P.I.D. is an acronym for PELVIC INFLAMMATORY DISEASE, which is an infection of the female reproductive organs. These are the fallopian tubes, the ovaries, the uterus, of which the cervix is a part, and it may also involve the ligaments and connective tissue which hold them together in the pelvic area.
It usually occurs when sexually transmitted bacteria spread from your (the woman’s, of course) vagina to the uterus and upper genital tract. PID can also occur when bacteria travel up a contraceptive device or when they’re introduced during gynecological procedures such as a “dry operation”, insertion of an intra- uterine device (IUD or coil) or a back alley abortion.
Many women with PID experience no signs or symptoms and do not seek treatment. The infection may only be detected later when a woman can’t get pregnant and learns that her reproductive organs have been damaged, or when she develops chronic pelvic pain.
WHAT DOES THE WOMAN EXPERIENCE?
Her signs and symptoms may include:
• Pain in the lower abdomen and pelvis, which houses the reproductive organs..
• Heavy vaginal discharge, sometimes with an unpleasant odor.
• Pain during intercourse (dyspareunia).
• Low back pain.
• Irregular menstrual bleeding.
• Fever, fatigue, diarrhea or vomiting.
• Dysuria – painful or difficult urination.
Signs and symptoms may be minor or even non-existent. In fact two-thirds or 66% of the time, nothing is felt or seen.
Asymptomatic PID is especially common when Chlamydia is the cause. This makes it more likely that 1) you’ll pass it on to a partner, just as is the case with HIV, and 2) you’ll suffer serious damage to your reproductive organs.
Emergency signs and symptoms include:
• Severe pain in your lower abdomen
• Signs of shock, such as fainting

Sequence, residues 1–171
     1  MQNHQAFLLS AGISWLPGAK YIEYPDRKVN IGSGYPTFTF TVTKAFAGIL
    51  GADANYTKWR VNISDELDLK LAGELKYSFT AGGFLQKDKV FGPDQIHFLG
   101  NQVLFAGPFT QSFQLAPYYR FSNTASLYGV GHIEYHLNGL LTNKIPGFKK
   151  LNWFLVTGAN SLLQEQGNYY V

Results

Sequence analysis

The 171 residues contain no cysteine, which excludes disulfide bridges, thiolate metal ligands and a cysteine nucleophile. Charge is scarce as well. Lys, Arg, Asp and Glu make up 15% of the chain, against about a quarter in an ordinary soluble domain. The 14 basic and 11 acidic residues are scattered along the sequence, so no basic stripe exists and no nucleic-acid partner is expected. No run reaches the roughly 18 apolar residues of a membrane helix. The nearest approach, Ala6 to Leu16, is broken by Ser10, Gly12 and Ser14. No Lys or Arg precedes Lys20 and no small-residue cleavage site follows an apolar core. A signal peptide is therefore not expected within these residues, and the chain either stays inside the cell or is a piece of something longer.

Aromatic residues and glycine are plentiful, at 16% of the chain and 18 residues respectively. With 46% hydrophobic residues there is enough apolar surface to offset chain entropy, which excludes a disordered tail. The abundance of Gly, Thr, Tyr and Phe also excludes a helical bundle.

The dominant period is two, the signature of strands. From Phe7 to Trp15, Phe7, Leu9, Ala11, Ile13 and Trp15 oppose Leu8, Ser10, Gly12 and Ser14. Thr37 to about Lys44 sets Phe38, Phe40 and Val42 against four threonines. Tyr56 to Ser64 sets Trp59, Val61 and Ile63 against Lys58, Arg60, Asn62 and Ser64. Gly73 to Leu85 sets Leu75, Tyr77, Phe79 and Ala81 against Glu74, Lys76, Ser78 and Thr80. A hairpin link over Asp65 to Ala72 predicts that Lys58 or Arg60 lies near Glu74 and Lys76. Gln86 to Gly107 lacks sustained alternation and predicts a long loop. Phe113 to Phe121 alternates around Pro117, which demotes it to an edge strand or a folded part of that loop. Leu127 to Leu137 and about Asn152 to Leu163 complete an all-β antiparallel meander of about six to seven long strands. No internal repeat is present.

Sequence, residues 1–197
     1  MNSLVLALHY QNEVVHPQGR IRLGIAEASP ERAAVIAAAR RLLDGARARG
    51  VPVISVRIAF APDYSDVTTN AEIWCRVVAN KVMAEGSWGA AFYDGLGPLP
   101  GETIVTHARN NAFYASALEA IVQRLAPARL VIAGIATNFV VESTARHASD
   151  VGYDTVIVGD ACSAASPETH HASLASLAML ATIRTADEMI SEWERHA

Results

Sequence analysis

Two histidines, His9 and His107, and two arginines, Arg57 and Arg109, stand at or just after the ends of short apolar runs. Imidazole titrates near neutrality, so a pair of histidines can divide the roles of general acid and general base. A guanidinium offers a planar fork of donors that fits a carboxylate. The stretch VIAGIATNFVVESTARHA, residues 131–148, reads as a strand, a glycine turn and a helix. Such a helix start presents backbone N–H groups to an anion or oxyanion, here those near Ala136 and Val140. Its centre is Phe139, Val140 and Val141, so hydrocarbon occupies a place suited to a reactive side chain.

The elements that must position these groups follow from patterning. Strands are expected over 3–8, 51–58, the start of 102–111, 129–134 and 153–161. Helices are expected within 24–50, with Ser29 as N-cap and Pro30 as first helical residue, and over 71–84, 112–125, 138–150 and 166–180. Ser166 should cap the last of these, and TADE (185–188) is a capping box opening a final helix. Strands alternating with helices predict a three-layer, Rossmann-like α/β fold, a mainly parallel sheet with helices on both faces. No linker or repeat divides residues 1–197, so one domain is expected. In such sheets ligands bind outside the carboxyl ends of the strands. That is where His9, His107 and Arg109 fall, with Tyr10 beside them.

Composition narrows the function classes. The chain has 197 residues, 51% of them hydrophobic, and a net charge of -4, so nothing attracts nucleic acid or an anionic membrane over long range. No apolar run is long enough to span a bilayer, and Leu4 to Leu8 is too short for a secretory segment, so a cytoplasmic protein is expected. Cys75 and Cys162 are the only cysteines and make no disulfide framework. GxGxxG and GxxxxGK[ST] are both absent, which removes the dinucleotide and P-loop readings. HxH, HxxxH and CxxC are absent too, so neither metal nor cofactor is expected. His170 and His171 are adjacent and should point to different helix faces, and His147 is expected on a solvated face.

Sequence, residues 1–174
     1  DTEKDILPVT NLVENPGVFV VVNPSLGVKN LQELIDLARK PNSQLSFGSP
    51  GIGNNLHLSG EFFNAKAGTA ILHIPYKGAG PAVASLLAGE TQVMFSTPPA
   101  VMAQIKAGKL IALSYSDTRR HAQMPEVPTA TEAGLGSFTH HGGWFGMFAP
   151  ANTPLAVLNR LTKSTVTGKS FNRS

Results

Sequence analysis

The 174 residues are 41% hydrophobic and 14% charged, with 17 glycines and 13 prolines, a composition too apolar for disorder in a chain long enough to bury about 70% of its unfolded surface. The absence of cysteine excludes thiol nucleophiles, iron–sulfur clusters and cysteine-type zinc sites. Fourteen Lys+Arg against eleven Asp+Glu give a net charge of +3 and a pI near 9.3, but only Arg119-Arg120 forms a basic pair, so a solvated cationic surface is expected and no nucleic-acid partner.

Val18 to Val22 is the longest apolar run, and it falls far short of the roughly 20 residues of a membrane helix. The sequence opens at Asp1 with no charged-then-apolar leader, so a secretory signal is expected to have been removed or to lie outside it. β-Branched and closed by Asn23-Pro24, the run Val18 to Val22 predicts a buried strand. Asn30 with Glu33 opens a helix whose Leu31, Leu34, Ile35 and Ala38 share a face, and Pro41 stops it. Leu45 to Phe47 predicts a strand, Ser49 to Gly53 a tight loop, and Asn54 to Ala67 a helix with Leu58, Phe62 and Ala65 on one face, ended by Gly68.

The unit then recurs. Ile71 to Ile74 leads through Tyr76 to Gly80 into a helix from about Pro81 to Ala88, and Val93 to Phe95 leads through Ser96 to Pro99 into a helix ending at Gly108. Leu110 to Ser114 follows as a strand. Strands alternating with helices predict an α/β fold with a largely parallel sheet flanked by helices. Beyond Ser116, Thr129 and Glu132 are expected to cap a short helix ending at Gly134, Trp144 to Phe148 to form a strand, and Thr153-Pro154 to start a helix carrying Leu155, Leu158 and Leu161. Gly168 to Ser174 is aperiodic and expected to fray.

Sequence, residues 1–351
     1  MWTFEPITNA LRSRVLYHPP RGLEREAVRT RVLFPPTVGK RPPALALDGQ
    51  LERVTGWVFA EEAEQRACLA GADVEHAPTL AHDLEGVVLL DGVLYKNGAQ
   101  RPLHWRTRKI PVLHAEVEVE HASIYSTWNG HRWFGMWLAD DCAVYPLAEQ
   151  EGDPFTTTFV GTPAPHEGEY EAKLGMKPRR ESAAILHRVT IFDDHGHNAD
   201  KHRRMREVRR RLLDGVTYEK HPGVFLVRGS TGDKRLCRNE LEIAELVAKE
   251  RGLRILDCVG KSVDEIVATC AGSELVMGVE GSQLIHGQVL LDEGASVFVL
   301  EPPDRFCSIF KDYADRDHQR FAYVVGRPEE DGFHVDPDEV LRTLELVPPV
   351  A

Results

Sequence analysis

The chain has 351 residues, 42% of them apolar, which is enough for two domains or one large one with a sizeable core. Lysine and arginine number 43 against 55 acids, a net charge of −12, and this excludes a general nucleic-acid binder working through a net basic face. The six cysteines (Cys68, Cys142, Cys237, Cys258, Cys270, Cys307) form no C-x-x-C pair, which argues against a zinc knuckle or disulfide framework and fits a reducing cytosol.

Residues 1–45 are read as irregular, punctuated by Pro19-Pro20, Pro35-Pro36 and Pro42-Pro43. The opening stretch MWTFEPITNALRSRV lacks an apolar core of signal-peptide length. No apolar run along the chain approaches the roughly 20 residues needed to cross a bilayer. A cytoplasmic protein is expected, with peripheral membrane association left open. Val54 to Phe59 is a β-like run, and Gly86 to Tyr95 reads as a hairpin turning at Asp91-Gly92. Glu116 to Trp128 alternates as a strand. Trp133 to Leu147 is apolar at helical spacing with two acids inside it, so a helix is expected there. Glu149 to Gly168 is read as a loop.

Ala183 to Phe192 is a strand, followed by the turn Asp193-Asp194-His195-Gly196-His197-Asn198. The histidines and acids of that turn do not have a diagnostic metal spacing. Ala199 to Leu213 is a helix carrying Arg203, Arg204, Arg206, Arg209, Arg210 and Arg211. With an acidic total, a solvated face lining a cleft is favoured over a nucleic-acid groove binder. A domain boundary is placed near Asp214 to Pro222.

• Fever with a temperature higher than 101 F (38.5 C).
Casualty is where you ought to be in these situations.
WHAT CAUSES PID?
Unsafe sexual practices that increase the likelihood of getting a sexually transmitted disease (STD) – multiple partners, no condom – increase your risk of PID. The most common causative bacteria are those that cause gonorrhea and Chlamydia infection, particularly the latter nowadays. Gonorrhea usually causes symptomatic PID.
You know, one of the more difficult things I have to do in dealing with this diagnosis to women is to have to tell them that it is the result of an STD, that they got something from their partner. Many have often been convinced 100% that they are the one and only. But the fact is that their partner got it from someone and passed it on to them. This is, of course, if they have not had a recent IUD or gynecological procedure or something. It’s just a little tough to have to disappoint a woman that way.
IUD’s may increase the risk of PID. But they are still quite safe and effective, so don’t let this turn you women off. Diaphragms and condoms reduce the risk, because they prevent those bacteria from getting past the vagina. Birth control pills do not protect against STD’s but they help protect against PID by causing your body to create thicker mucus from the cervix, making it more difficult for bacteria to reach their PID destinations.